In this context, it is important to understand that more CPU cores do not automatically imply an improvement of your page load time – after all, the single cores still work in the same pace. But the upscaling of the cores ensure that more requests and orders can be dealt with simultaneously, and that your shop won’t break down.

Give your shop a sufficient PHP memory limit!

Optimizing server performance comprises not only the CPU cores and memory (RAM), but also an appropriate PHP memory limit. It determines the maximum disk quota which the memory provides for PHP processes. The set limit prevents that the server encounters overload through, for example, an erratic script.

A higher PHP memory limit makes sense for a rather complex website such as an online shop, so the server is able to cope with large-sized and simultaneous processes. For this reason, the PHP memory limit in our WooCommerce solutions is set at 512 megabytes.

By the way, the PHP version recommended by WooCommerce is PHP 7. At RAIDBOXES, you get more options beyond to switch your shop with just one click to the even faster PHP versions 7.1 and 7.2.

How many CPU cores does your WooCommerce shop need?

There is no general answer to which exact specifications your WooCommerce hosting should offer, since it depends on several factors, amongst others on your monthly visitor numbers and page views per minute. On our page overviewing our WooCommerce hosting plans you can find a small orientation guide to assist you in finding the perfect hosting solution for your shop.
 WooCommerce hosting

Another factor determining your requirements on server performance is the number, size and quality of your plugins. For instance, if you use a bigger plugin like Yoast SEO which needs to be loaded on each and every page of yours, your server should bring along some power. Same if you want to connect an analog cashier system with your shop and the server needs to process live requests constantly.

3. Many pictures = more necessity to optimize

Large images and graphics can be an enormous performance-devourer. Since online shops usually need a lot of pictures to present their products, a huge optimization potential opens up in this area which you should definitely exploit. Fortunately, there are a few image optimization plugins to support you in this task.

Compressing your images correctly not only has a positive impact on your WooCommerce shop’s load time and thus on your customers’ user experience, but ideally, it also improves your search engine ranking and your conversion rate.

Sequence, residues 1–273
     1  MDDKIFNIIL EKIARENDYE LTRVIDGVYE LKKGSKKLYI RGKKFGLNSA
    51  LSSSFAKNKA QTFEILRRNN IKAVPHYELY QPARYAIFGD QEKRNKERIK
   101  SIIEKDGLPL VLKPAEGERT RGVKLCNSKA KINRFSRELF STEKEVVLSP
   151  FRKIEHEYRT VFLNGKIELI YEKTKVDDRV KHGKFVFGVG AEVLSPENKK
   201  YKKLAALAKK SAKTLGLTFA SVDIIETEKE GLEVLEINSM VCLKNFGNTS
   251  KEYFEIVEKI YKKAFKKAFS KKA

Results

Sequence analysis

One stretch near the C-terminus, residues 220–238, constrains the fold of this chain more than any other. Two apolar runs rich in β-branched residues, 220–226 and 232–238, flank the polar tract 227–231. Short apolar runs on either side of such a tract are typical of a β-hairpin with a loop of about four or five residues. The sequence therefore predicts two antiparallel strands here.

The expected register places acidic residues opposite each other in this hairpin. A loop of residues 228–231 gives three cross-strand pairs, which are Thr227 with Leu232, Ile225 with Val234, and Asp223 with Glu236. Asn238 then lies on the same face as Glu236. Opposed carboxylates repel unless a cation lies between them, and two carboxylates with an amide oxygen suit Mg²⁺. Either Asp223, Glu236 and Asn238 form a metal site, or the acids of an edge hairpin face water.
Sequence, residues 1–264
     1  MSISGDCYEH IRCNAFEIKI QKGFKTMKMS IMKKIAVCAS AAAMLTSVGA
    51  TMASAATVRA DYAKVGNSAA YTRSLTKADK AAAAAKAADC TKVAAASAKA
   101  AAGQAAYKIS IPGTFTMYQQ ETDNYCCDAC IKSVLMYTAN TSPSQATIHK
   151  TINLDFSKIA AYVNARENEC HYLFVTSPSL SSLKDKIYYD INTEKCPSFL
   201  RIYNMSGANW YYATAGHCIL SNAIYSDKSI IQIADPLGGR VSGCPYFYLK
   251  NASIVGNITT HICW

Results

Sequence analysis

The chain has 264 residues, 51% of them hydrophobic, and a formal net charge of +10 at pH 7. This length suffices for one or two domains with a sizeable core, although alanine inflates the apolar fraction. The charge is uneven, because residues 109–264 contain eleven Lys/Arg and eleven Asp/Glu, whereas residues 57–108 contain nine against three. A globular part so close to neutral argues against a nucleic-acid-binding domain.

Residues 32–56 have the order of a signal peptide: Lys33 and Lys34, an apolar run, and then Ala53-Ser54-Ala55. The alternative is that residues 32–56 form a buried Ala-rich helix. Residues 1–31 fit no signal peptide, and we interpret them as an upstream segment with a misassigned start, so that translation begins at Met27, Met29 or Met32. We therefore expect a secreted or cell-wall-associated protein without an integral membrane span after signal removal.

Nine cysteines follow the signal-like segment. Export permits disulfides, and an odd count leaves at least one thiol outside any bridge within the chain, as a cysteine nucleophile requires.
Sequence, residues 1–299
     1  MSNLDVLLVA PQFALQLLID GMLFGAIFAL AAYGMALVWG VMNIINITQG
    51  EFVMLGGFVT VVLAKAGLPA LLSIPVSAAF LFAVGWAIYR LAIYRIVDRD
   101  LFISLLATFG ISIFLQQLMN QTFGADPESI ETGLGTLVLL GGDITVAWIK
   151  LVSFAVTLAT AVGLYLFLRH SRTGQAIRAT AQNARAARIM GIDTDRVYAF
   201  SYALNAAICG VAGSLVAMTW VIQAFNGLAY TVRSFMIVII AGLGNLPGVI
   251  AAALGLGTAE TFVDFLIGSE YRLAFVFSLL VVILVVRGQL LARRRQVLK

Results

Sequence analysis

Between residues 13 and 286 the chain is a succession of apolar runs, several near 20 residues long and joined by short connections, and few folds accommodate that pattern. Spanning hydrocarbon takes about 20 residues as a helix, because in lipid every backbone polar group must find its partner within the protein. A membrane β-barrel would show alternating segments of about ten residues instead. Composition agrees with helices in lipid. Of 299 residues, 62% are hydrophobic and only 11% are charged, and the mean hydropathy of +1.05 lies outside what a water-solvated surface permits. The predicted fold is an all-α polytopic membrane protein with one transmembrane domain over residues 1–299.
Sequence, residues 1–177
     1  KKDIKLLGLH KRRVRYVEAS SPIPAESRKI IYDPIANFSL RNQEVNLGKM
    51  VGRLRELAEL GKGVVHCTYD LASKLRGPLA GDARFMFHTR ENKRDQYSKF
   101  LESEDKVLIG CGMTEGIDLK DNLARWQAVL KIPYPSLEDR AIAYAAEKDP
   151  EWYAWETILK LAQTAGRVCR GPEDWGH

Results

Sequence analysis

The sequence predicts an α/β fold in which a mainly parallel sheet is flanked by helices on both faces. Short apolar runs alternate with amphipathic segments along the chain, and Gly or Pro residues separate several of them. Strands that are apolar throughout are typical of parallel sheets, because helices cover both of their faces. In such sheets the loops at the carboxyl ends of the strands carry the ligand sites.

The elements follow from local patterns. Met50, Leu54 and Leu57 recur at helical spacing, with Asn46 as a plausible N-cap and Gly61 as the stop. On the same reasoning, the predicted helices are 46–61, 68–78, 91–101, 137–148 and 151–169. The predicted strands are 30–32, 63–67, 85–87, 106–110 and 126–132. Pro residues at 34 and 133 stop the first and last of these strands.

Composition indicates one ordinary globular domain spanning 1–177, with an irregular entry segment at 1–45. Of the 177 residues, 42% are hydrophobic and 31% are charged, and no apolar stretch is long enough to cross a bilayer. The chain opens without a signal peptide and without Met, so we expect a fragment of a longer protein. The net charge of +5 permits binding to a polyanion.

As for all modern websites, it is furthermore important to tweak your images for mobile-friendly designs. According to an e-commerce study conducted by Qubit, mobile-influenced sales had an impact of up to 19 percent on all digital sales in 2017. Moreover, the results of the study reveal that digital sales can be increased by up to 33 percent via an improvement of mobile product discovery.

4. Security and data privacy protection

Backups and staging keep you on the safe side

Should a plugin update or some other modification actually destroy your website, first thing to do is to get your shop running again as soon as possible. This is when your backups come into play: In all our WooCommerce hosting plans, a backup of your website is created fully automatically every night which you can restore with a few simple clicks. Additionally, you can create backups manually anytime.

Saving you a space-consuming backup plugin is beneficial for security and performance reasons. To line it up with our plugin guideline: “As much as necessary, as little as possible!”

To prevent problems on your live website in the first place, you can use our staging environment to try out modifications on a copy of your website. After achieving successful test results, the staging environment can be transferred live with just one click. Be cautious that you exclude the database tables with the orders and customers while overwriting the live website. While testing modifications in staging mode, your live website can still receive new orders you would eventually lose when overwriting.

In times of GDPR, data privacy protection is more important than ever for shop operators

As a WooCommerce shop operator, you process personal data on a daily basis, such as address, bank details and credit card numbers of your customers. Especially having the General Data Protection Regulation (GDPR) in mind, you should take the issues security and data protection seriously. In our 30-page e-book on GDPR you can learn which measures you need to implement to make your WordPress website legally secure.

Look for a WordPress hosting provider who offers free SSL certificates, daily backups and managed WordPress, theme and plugin updates, and uses only servers which are located in a legally safeguarded country like Germany. Beyond that, we have integrated further data privacy tools at RAIDBOXES to take as much work as possible off your shoulders concerning the implementation of GDPR requirements. Examples include our WP Session Eraser or our feature Limit Login Attempts.

Conclusion: Good WooCommerce hosting has your back

Due to its many functionalities and dynamic processes a WooCommerce shop has special demands on hosting. To save you precious time, money and energy, you should choose a hosting provider who is experienced in these particularities, guarantees the required performance and security and offers first-class WordPress support.

Because in the end, your hosting provider should have your back, so you can focus on what really matters: Developing and driving forward your shop and your products. This way, you enable your customers a perfect sales experience which they would want to repeat and even recommend to others.

What experiences have you made with WooCommerce hosting? Which requirements are important to your shop in particular? I look forward to your comment!